Despite all the drawbacks however, I believe if you’re desperate, i.e. stuck in a job you absolutely hate, or unemployed and on the dole, then window cleaning could be for you because it’s a realistic way of making a respectable living for a person who has no other options, just don’t expect to be driving around in a Bentley anytime soon.





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UK Window Cleaning Business Forums #sample #business #proposal

#window cleaning business

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Welcome to the UK Window Cleaning Forums.
Starting or own a window cleaning business? We’re a network of window cleaners sharing advice, tips & experience. Rounds for sale & more. Join us today!

As a registered member you will be able to:

  • Post in topic Categories and browse thousands of posts.
  • Work Opportunities – find job leads that maybe in your area.
  • Communicate privately with other cleaners using our private message system.
  • Post your own photos or view from user submitted images.
  • Gain access to our free marketplace to buy, sell and trade equipment and rounds.

All this and much more is available to you absolutely free when you register for an account.

Kick back, have a chat, a hobnob and introduce yourselves to the community.

7,503 Threads 125,492 Posts

Threads here are automatically created for resources added to our resource section.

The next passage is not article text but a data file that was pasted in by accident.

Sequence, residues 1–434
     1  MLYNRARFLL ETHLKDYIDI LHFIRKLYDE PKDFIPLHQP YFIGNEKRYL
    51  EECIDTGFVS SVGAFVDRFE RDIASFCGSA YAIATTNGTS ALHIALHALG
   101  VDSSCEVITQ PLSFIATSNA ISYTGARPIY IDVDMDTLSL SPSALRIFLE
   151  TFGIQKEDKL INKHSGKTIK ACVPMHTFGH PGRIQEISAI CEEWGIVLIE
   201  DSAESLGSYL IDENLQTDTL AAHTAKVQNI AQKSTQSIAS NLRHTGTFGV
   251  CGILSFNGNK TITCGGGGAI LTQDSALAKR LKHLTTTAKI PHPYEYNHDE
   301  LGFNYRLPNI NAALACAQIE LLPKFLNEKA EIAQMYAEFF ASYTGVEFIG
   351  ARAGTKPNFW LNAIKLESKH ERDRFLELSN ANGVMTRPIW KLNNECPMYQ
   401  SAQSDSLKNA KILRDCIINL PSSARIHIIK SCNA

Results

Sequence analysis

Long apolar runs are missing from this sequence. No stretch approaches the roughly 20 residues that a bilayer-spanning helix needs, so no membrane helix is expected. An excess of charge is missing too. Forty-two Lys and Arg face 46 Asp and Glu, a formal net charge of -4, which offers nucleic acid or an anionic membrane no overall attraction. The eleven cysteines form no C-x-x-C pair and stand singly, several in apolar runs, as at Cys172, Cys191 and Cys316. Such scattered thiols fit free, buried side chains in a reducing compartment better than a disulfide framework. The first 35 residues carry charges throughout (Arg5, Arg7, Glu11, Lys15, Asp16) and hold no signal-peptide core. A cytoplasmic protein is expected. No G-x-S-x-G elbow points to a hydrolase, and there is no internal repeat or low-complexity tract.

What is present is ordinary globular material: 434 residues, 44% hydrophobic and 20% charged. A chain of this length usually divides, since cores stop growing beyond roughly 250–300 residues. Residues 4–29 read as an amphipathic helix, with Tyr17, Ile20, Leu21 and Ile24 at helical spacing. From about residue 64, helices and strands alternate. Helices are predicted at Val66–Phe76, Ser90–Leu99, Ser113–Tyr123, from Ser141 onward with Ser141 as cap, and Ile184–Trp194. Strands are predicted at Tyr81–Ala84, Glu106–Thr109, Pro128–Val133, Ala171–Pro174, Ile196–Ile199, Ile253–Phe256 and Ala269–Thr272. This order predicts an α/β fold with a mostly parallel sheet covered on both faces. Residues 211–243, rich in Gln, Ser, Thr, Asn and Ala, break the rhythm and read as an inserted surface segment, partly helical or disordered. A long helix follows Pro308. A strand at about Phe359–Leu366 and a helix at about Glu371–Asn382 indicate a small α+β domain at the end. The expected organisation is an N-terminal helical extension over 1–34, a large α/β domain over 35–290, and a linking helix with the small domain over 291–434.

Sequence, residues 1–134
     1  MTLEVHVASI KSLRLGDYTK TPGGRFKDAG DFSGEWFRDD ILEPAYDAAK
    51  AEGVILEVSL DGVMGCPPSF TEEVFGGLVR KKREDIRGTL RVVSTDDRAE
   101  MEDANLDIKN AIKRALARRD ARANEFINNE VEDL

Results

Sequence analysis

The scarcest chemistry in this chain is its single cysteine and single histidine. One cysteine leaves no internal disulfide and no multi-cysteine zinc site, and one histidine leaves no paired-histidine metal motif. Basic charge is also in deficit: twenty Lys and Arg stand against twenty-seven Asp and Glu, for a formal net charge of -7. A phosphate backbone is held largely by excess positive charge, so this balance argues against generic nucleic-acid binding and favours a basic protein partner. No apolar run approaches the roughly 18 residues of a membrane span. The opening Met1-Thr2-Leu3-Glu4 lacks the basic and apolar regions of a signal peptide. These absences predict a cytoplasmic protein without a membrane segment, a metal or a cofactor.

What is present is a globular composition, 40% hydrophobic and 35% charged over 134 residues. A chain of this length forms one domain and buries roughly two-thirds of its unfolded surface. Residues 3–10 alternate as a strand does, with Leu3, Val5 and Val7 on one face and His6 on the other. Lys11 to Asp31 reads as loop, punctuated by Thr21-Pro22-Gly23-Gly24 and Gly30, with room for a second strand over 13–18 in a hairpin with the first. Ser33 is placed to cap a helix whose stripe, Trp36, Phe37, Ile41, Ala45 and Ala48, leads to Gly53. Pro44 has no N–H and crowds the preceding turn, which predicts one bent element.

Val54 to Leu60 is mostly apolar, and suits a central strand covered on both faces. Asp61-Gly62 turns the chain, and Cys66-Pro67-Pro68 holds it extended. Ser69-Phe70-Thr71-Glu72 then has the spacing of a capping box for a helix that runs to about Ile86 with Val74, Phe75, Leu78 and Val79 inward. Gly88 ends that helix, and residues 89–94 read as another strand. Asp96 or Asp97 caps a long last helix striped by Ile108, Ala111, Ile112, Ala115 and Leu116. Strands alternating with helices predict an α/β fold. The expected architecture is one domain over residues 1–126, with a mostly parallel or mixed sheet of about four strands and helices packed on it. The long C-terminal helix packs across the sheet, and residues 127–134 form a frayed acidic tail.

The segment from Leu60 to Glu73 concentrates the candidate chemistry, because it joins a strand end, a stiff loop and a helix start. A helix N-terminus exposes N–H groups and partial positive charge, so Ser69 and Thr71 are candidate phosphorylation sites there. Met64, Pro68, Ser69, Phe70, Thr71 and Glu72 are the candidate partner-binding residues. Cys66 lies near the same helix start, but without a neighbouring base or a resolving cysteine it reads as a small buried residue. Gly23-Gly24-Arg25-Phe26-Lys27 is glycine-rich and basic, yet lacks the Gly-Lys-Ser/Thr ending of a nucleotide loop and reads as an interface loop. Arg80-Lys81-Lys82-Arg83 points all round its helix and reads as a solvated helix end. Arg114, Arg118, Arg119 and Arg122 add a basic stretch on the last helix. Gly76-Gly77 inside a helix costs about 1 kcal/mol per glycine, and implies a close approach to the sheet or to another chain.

6 Threads 108 Posts

Water fed pole questions, discussion and media.

6,158 Threads 93,809 Posts

Tradition window cleaning questions, discussion and media.

1,699 Threads 31,787 Posts

Many of us love tinkering with our systems and creating ways to save time and water. Why not share your window cleaning tips, ideas and engineering expertise!

327 Threads 3,903 Posts





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The Perils of Short-Term Business Loans #business #lookup

#short term business loans

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The Perils of Short-Term Business Loans

Principals, Whitestone Partners Inc. a management-consulting firm

September 15, 2015

Funding your start-up is seldom easy. Your options are limited. Friends and family members normally can only invest a small amount. Bank loans can be hard to come by. Government programs can take months to navigate. Small business owners may consider alternative and short-term lenders when cash gets tight. However, before doing so, you need to understand what you are buying.

As example, let s say that you are going to borrow $50,000. You only need the capital for one month and the small-business lender tells you it charges three percent. In most cases, this is three percent per month. In other words, if you borrow $50,000 for one month, you must repay $51,500 ($50,000 of principal plus $1,500 of interest).